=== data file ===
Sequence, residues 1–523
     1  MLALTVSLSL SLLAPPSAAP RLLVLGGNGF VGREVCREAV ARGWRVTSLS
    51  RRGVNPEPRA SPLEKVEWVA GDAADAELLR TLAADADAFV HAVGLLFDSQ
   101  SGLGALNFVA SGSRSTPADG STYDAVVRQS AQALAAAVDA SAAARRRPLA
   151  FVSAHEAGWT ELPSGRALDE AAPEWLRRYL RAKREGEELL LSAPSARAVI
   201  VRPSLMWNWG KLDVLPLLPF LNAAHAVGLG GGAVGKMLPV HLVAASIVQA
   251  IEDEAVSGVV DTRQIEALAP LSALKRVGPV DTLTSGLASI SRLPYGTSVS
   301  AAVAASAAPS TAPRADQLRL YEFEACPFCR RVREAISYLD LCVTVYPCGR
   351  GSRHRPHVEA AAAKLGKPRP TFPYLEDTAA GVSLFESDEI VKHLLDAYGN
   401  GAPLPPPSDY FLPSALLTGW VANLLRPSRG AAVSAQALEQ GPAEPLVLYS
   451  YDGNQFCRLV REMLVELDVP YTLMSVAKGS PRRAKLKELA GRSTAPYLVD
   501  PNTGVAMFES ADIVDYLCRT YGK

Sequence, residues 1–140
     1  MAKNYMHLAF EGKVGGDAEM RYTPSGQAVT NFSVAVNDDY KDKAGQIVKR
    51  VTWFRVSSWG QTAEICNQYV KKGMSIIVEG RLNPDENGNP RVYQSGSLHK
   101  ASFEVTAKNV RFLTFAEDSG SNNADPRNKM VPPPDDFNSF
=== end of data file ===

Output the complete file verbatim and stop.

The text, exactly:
Sequence, residues 1–523
     1  MLALTVSLSL SLLAPPSAAP RLLVLGGNGF VGREVCREAV ARGWRVTSLS
    51  RRGVNPEPRA SPLEKVEWVA GDAADAELLR TLAADADAFV HAVGLLFDSQ
   101  SGLGALNFVA SGSRSTPADG STYDAVVRQS AQALAAAVDA SAAARRRPLA
   151  FVSAHEAGWT ELPSGRALDE AAPEWLRRYL RAKREGEELL LSAPSARAVI
   201  VRPSLMWNWG KLDVLPLLPF LNAAHAVGLG GGAVGKMLPV HLVAASIVQA
   251  IEDEAVSGVV DTRQIEALAP LSALKRVGPV DTLTSGLASI SRLPYGTSVS
   301  AAVAASAAPS TAPRADQLRL YEFEACPFCR RVREAISYLD LCVTVYPCGR
   351  GSRHRPHVEA AAAKLGKPRP TFPYLEDTAA GVSLFESDEI VKHLLDAYGN
   401  GAPLPPPSDY FLPSALLTGW VANLLRPSRG AAVSAQALEQ GPAEPLVLYS
   451  YDGNQFCRLV REMLVELDVP YTLMSVAKGS PRRAKLKELA GRSTAPYLVD
   501  PNTGVAMFES ADIVDYLCRT YGK

Sequence, residues 1–140
     1  MAKNYMHLAF EGKVGGDAEM RYTPSGQAVT NFSVAVNDDY KDKAGQIVKR
    51  VTWFRVSSWG QTAEICNQYV KKGMSIIVEG RLNPDENGNP RVYQSGSLHK
   101  ASFEVTAKNV RFLTFAEDSG SNNADPRNKM VPPPDDFNSF